Saint-Saëns Henry VIII
When, in his ''Letter from France'' in the December issue, Andre Tubeuf mentioned the production in Compiegne of Saint-Saens's Henry VIII, I pricked up my ears and wondered whether a recording would be forthcoming—for this work, though very rarely heard, is not only written with outstanding skill (there are several big ensembles with anything up to 14 vocal parts) and some thematic distinction, but has a strong dramatic libretto with firm characterization. Unlike many operas, it doesn't play ducks and drakes with historical events (though it telescopes them a bit), even if it superimposes on them a story of Anne Boleyn having had an affair abroad with the Spanish ambassador at Henry's court; and having been designed for the Paris Opera, it includes a ballet and a big spectacular scene of Catherine of Aragon's trial and Henry's proclamation of himself, after his excommunication, as head of the Anglican Church.
Well, here is a recording from a radio relay of the Compiegne production. I'd give it ten out of ten for the intention, about four for the musical execution. I don't know at what point in the run this performance was given, but the number of false entries (especially by Philippe Rouillon as Henry), wrong notes in the orchestra, and occasions when the inflexible conductor fails to secure synchronization of stage and orchestra, seem to point to under-rehearsal. The audience in the theatre would probably not have been as aware as listeners to the recording of coughs and stage noises, and its enthusiasm for the singers is less likely to be shared. The most consistently satisfactory member of the cast is the coloratura mezzo Lucile Vignon as the ambitious Anne; Michele Command as the wronged queen Catherine is strong in her trial scene and in a quarrel with Anna, but much of her singing is squally, and she is at her best only in Act 4, when the dying Catherine realizes she will never again see her native Spain. A likeable tenor as the Spanish ambassa-dor, Alain Gabriel, unfortunately tires audibly before the end; the magisterial Philippe Rouillon, whose dark-timbred voice accords well with the Holbein image of a burly Henry, spoils things by singing flat for too much of the time; and the appallingly wobbly Papal delegate should never have been included in the cast. The chorus contribution is excellent.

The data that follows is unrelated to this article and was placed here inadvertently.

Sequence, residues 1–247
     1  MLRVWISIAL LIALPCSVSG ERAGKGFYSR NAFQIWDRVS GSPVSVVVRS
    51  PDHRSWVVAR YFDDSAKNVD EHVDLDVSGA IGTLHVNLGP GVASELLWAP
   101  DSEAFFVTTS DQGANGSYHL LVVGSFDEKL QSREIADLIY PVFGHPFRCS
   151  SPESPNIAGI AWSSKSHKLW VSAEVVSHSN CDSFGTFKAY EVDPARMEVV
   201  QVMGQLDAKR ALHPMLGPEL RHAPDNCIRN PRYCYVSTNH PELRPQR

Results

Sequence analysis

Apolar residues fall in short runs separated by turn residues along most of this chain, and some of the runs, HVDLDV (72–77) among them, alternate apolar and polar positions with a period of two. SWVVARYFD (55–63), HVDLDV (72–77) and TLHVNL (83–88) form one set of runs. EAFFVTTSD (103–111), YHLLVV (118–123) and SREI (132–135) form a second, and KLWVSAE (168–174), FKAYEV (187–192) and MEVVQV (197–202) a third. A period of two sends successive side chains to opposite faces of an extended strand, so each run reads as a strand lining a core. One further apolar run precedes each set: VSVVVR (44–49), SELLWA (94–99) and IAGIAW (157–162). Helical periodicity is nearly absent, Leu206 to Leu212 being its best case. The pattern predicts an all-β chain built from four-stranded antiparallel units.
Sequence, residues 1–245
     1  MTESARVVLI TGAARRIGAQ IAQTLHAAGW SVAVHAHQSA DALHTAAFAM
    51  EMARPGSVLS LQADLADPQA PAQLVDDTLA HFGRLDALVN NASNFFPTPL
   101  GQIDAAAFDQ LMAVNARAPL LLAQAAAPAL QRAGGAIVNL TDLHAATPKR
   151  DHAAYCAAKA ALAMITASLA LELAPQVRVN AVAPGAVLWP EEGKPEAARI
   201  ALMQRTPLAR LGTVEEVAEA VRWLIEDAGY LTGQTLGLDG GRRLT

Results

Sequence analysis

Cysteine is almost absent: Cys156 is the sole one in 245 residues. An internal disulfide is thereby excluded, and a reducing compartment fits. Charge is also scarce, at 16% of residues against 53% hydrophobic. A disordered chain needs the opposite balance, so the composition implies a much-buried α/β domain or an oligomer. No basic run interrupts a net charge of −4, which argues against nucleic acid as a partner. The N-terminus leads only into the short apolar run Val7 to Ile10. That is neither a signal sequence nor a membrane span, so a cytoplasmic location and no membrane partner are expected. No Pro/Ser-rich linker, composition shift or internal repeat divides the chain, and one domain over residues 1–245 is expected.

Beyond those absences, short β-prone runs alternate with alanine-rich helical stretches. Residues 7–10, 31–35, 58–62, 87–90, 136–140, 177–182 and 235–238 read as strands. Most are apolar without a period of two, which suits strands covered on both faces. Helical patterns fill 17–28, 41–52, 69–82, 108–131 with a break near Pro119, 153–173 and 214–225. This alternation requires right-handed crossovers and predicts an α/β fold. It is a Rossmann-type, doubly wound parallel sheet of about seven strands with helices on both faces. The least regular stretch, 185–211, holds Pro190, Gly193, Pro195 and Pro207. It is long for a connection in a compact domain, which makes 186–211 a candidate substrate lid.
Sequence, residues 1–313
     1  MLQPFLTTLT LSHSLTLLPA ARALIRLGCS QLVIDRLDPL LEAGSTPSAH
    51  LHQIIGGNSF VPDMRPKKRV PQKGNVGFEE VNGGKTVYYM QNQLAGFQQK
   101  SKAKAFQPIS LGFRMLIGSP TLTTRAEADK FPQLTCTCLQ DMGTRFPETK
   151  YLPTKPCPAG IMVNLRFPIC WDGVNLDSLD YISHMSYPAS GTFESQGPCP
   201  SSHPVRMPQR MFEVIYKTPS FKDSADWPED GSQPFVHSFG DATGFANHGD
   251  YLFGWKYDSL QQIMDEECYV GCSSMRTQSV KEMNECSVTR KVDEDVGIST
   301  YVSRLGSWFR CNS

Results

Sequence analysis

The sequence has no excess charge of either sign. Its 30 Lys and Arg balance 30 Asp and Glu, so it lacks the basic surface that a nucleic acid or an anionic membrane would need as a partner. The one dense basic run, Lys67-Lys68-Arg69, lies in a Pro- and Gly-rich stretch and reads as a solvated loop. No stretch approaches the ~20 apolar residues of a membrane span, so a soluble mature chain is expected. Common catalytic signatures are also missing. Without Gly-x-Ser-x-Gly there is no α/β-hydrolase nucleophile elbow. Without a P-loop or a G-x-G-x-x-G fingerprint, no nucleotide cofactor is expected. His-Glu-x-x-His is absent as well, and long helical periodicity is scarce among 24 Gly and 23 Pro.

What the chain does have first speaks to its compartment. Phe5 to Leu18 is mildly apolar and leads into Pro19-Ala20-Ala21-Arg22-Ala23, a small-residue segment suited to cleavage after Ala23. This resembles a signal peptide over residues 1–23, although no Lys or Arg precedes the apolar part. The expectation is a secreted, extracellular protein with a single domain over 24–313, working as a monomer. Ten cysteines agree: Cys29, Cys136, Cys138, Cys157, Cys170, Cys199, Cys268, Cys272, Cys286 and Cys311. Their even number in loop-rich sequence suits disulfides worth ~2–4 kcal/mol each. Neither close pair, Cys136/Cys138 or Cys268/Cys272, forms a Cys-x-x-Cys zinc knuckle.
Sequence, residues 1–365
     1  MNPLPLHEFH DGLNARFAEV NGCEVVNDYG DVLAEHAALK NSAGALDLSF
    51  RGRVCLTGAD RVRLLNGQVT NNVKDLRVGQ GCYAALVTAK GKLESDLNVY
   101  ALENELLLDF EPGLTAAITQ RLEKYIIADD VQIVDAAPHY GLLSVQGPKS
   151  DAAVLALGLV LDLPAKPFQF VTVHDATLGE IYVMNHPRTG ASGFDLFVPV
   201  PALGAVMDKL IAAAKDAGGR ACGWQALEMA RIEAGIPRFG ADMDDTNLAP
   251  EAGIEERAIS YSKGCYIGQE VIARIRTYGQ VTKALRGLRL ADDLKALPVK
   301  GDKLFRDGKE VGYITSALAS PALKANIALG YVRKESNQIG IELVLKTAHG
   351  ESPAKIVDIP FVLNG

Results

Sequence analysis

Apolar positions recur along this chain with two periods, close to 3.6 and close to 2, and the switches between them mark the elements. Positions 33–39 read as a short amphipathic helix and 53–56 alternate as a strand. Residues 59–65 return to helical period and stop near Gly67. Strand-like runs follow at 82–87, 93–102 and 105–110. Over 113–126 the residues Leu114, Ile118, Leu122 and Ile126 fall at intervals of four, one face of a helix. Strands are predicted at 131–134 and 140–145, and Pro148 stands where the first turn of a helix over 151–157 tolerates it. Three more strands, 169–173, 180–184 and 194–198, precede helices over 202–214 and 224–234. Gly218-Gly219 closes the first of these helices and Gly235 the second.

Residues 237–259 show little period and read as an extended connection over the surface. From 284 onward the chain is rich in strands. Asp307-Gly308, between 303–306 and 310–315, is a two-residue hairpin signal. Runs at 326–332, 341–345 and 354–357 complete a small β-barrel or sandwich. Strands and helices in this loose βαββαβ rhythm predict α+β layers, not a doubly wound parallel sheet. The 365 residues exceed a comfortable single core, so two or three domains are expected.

Henry VIII was very well received at its premiere in 1883 and was widely taken up in several countries to the end of the century, and its revival now is much to be welcomed. With fine moments such as the duet between Henry and Anne and that between Anne and Gomez, Catherine's trial scene and her dying lament, and a quartet right at the end, this is still, despite the weaknesses in the performance outlined above, an opera to savour.'